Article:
There’s something about a new year that gives us hope for self improvement. The chance to correct all the mistakes we’ve made so far. The opportunity to be more than you were and closer to the perfection you envision. No pressure. And then it all falls apart in a few weeks or, if you’re especially motivated, a few months.
No matter their age, cats always play. All it takes is a long piece of fabric dangling or a twist tie on the floor or a laser pointer (or other point of light), and away they go! Suddenly, it's playtime! Humans, on the other hand, often forget to play. As we get older it starts to seem frivolous. It becomes something we have to plan or coordinate. If we do it at all. I have a friend who's favorite question when getting to know people is "what do you do for fun?" It is remarkable how many people can't even answer that question.
Do you ask for what you want? The only way to get what you want is to ask for it. It sounds so basic and yet so often we expect our mind to be read. "If he loves me, he should know what I want." "I really want that promotion. I'm sure my boss will see that I'm the best person for the job." When we don't get what we want even though we didn't ask for it, we get all bent out of shape. "I can't believe he got me THAT!" "Really? I'm am so much more qualified than she is!"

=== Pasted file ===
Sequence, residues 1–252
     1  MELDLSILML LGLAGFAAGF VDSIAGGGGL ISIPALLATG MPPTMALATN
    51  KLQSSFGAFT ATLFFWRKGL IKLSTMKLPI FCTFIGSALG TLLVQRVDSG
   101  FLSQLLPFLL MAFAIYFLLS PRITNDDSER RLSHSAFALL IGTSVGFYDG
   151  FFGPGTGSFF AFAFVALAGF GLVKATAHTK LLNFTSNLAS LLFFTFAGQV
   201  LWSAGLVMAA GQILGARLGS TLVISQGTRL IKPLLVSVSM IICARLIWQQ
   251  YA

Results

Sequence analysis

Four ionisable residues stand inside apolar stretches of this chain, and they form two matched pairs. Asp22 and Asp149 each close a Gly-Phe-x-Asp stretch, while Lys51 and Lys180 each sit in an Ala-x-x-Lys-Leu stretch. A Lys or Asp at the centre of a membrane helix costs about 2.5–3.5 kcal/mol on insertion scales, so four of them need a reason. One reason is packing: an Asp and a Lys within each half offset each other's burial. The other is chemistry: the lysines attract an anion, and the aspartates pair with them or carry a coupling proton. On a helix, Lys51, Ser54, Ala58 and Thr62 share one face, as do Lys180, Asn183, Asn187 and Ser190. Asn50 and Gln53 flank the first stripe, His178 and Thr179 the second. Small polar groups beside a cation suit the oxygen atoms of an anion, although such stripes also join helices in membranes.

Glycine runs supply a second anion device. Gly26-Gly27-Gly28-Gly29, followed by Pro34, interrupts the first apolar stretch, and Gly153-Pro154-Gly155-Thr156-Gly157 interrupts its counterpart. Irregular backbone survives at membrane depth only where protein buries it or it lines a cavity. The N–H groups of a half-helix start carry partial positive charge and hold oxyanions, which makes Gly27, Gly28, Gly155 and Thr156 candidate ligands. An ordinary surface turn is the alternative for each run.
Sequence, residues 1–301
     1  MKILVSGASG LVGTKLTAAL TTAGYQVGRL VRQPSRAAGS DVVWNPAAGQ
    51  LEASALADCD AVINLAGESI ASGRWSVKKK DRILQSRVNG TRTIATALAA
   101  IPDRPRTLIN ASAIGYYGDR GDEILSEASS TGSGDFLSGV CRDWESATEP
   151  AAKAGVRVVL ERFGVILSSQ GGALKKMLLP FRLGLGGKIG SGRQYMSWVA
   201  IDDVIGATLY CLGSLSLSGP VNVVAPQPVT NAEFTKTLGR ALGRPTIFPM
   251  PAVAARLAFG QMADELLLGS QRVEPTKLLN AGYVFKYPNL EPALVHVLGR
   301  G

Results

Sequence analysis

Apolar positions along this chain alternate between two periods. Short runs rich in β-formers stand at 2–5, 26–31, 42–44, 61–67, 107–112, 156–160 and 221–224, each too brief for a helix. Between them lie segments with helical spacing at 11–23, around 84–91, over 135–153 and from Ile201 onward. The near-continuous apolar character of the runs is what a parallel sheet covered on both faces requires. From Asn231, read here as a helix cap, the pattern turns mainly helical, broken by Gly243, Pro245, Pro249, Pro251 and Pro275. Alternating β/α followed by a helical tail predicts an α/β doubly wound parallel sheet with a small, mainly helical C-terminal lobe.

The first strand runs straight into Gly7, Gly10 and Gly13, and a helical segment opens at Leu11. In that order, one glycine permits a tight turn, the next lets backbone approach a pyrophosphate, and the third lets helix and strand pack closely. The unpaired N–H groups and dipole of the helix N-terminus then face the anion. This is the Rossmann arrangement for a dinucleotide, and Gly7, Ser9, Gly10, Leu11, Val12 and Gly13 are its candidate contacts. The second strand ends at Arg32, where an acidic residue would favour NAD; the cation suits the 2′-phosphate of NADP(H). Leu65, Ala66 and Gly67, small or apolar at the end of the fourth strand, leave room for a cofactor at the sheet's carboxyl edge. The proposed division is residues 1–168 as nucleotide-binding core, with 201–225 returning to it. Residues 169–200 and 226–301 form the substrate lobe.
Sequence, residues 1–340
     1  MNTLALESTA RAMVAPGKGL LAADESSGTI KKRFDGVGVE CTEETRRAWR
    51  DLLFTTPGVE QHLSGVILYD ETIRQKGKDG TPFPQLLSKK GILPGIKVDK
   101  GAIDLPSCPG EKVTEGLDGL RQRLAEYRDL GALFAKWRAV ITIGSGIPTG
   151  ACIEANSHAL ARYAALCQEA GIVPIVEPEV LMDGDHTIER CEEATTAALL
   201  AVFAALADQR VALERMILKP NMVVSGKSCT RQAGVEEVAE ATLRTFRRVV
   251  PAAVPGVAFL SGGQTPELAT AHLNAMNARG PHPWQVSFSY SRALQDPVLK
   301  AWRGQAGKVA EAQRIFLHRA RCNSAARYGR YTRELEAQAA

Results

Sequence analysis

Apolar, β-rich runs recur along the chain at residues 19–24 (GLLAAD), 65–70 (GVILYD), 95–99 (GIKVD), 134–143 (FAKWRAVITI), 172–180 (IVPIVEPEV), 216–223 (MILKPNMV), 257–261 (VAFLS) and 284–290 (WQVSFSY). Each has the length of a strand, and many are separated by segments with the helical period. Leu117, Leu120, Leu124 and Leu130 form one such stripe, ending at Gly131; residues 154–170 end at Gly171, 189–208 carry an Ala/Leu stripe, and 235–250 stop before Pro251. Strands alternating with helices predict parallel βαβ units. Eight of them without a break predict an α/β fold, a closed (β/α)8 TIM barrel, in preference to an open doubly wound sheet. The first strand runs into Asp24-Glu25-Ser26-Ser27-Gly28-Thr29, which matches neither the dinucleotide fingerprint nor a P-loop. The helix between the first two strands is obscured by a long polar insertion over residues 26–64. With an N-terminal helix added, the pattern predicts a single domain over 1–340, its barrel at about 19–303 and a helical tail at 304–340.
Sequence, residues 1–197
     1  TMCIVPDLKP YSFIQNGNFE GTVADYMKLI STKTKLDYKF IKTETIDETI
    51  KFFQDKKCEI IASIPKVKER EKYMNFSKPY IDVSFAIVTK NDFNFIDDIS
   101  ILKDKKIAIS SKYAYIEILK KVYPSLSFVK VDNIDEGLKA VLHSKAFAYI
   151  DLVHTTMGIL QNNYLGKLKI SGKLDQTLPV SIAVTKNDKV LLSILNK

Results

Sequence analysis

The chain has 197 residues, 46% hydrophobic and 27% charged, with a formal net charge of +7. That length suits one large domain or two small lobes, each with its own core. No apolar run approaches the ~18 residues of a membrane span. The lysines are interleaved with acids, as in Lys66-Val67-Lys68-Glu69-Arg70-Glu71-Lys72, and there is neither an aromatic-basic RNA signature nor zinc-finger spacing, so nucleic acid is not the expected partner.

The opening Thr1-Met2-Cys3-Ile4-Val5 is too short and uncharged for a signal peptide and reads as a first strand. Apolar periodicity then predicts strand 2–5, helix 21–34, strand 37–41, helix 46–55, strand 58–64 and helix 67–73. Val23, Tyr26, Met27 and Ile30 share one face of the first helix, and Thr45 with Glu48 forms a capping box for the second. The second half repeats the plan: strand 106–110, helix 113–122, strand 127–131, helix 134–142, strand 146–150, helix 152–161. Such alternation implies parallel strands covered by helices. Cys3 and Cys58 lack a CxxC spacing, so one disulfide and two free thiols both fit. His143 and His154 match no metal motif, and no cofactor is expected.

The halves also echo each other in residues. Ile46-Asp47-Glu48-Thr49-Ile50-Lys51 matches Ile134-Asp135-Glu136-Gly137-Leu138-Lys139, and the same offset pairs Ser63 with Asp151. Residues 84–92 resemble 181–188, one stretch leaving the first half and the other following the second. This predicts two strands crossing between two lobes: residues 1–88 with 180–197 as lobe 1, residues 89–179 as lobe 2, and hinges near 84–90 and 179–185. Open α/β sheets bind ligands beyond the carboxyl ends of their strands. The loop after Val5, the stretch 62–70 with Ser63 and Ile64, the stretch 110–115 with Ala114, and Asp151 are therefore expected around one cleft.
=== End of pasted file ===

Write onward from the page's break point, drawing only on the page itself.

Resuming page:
Feline Life Lessons #1: DON'T TAKE ANYTHING PERSONALLY My chocolate Siamese, Marlowe, has this lesson down. He likes to sleep with me at night. He will snuggle right next to me. If he was bigger, you would say he was spooning. He usually wraps up right behind my knees. Unfortunately sometimes he curls up before I'm completely settled. In these cases he will get moved, bumped and even knocked off the bed while I'm trying to get comfortable. It doesn't faze him at all. He just keeps coming back and laying down. Eventually, I will be settled and so will he.
I'm certainly not immune judging things by their skin. I've met many people that I thought were one way from first impressions and discovered I was completely wrong. Whether it's the way they dress, how they speak, their face, their gender, their race - there are a lot of outer features we use as guides to make an initial judgement.
Playing princess is not inherently a bad thing - whether it's your girl or your boy. It's one of many ways that children explore who they are and what is possible in their lives. It doesn't mean they're going to want to "be a princess" when they grow up. Unless, of course, they get the message that that's the best option along with the dresses and shoes.